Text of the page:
CBL Properties and Pennsylvania REIT, two of the leading mall operators in the U.S., filed for bankruptcy on Nov. 1. What are the key takeaways from CBL Properties' bankruptcy filing? What are the potential implications for CBL Properties’ malls as well as investors?
Why CBL Properties filed for bankruptcy
The COVID-19 pandemic has taken a toll on mall operators. Since more people are shopping online instead of visiting malls, traffic in the malls has been declining. Lower traffic leads to lower revenues for mall operators and many stores are shutting down. The situation is especially problematic for operators with high debt levels.
CBL Properties is one of the mall operators that has a high debt burden. The company has filed for a Chapter 11 bankruptcy and intends to restructure its debt as part of the deal. According to CBL Properties, its debt and preferred liabilities would reduce by around $1.5 billion and it would be able to extend the debt maturities.
“After months of discussions and consideration of a number of alternatives, CBL’s management and the Board of Directors firmly believe that implementing the comprehensive restructuring as outlined in the RSA through a Chapter 11 voluntary bankruptcy filing will provide CBL with the best plan to emerge as a stronger and more stable company,” said CBL Properties CEO Stephen D. Lebovitz.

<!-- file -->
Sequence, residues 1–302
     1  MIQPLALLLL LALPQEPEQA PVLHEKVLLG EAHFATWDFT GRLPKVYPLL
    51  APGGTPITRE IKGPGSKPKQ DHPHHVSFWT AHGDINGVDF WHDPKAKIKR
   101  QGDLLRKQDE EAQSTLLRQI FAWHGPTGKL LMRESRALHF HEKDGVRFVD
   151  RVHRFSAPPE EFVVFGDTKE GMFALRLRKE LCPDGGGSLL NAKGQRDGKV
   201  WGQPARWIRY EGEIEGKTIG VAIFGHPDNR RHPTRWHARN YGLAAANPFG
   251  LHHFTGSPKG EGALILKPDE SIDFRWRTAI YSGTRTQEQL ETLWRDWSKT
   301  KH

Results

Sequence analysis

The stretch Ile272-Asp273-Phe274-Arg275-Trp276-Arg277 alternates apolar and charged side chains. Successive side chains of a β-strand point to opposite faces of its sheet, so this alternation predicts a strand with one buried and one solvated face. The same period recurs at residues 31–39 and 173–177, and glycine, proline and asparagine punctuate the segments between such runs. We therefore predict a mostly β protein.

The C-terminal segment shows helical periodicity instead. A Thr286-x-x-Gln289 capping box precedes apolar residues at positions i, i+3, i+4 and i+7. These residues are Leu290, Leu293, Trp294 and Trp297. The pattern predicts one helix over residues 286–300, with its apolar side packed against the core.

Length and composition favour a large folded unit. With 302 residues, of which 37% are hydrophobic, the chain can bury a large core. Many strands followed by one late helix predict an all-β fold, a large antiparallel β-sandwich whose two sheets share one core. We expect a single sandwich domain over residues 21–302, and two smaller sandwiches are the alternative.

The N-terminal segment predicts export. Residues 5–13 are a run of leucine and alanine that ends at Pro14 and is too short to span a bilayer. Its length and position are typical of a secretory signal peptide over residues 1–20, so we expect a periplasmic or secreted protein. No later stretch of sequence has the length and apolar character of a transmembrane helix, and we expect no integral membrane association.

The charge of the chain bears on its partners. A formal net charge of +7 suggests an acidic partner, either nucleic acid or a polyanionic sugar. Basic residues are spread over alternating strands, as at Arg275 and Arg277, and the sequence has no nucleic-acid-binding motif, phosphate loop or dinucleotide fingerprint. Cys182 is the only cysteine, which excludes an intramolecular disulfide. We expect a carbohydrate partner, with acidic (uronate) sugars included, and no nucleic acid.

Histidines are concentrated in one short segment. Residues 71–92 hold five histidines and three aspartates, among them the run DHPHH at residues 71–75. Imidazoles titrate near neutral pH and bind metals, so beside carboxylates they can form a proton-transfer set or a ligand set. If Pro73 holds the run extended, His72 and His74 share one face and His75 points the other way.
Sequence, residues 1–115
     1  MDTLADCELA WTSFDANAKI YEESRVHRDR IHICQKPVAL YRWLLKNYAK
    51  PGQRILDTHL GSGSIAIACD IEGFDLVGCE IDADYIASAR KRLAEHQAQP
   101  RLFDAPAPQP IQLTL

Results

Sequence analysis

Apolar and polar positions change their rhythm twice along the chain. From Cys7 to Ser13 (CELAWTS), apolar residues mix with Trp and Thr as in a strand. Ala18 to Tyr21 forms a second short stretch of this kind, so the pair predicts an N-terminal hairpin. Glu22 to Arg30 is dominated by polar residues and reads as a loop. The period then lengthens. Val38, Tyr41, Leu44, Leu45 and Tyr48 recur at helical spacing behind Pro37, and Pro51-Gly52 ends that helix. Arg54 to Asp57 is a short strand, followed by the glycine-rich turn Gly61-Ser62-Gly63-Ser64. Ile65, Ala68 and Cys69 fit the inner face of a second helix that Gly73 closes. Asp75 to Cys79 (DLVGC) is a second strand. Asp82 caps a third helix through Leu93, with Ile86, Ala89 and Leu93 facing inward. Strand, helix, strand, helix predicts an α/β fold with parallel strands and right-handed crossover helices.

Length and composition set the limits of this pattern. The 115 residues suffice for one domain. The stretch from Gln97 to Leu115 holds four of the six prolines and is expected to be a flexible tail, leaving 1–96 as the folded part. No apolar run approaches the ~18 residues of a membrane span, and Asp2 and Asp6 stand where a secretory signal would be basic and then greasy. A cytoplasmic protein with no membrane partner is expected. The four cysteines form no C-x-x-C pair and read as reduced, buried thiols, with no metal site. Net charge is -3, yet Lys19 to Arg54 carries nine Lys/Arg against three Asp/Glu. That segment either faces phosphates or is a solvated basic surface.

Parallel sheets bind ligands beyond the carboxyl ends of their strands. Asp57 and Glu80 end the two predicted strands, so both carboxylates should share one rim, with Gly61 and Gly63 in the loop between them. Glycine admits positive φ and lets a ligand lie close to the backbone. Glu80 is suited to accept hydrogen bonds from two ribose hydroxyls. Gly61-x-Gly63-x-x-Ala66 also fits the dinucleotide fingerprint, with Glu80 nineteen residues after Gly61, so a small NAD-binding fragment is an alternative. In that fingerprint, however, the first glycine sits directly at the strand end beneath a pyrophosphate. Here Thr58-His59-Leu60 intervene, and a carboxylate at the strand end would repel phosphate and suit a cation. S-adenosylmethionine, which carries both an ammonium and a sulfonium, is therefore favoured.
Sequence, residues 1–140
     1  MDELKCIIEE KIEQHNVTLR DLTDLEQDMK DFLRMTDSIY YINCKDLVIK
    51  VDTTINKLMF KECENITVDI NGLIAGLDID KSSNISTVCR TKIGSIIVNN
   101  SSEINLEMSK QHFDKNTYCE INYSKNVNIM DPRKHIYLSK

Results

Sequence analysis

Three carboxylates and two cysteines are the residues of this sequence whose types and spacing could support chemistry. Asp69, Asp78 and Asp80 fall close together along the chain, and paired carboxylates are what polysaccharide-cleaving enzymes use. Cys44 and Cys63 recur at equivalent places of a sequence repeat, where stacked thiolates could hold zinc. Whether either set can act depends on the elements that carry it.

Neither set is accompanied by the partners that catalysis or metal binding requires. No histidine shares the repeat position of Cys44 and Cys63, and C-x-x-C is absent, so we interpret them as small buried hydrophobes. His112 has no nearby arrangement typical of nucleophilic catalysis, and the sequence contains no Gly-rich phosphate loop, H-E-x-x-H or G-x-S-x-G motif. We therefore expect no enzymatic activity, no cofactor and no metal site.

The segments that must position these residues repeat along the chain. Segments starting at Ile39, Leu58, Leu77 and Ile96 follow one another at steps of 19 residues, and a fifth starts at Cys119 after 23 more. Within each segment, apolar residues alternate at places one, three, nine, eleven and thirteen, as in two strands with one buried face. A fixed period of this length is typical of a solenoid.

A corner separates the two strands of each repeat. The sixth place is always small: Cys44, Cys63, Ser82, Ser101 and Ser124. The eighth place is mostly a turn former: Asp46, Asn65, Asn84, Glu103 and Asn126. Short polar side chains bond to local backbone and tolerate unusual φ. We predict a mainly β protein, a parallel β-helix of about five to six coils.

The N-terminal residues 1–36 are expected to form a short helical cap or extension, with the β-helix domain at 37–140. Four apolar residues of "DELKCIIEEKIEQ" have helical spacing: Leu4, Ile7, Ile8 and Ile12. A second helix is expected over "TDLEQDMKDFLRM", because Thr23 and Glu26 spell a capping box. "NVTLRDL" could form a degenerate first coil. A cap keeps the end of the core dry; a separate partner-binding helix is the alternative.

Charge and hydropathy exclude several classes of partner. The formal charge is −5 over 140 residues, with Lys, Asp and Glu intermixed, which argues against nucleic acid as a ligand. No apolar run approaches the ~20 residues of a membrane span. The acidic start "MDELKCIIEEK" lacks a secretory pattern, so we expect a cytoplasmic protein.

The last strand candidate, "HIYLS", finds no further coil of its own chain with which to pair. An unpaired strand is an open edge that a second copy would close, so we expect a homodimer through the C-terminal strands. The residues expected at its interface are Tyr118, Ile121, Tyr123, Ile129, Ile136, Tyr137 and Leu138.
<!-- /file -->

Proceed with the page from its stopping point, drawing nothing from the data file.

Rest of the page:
Corporate news this am is pretty onbrand for 2020— Steve Goldstein (@MKTWgoldstein) November 2, 2020
* Clorox tops estimates as household product sales jump 39%
* Mall owner CBL declares bankruptcy
Is CBL selling its properties?
The bankruptcy release doesn't talk about any potential sale of properties that CBL might undertake. However, CBL Properties mentioned that it would be business as usual for its tenants and customers during the bankruptcy period. CBL shares tumbled in premarket, but trading has now been suspended in the stock.
Pennsylvania REIT also filed for bankruptcy
CBL isn't the only mall operator that has filed for bankruptcy. On Nov. 1, Pennsylvania REIT also filed for Chapter 11 bankruptcy. “We are pleased to be moving forward with strengthening the Company’s balance sheet and positioning it for long-term success through our prepackaged plan. We are grateful for the significant support we have received from a substantial majority of our lenders, which we expect will enable us to complete our financial restructuring on an expedited basis,” said Pennsylvania REIT CEO Joseph F. Coradino.
Due to the COVID-19 pandemic, many mall tenants have either closed down, negotiated lower rents, or pushed back payments. Some mall operators like Simon Property Group, which is the largest mall operator in the U.S., has used the situation to its advantage.
Simon Properties has been buying out troubled tenants at its properties. In September, Simon Properties and Brookfield acquired JCPenney, which filed for bankruptcy. The deal helped Simon Properties keep one of its biggest tenants open. Also, the deal helped JCPenney survive.
Two mall operators filing for bankruptcy in a single day shows the state of the U.S. economy. While the so-called “stay at home” stocks like Amazon have surged to record highs this year, many brick and mortar companies that rely on physical dealing with customers are having a hard time.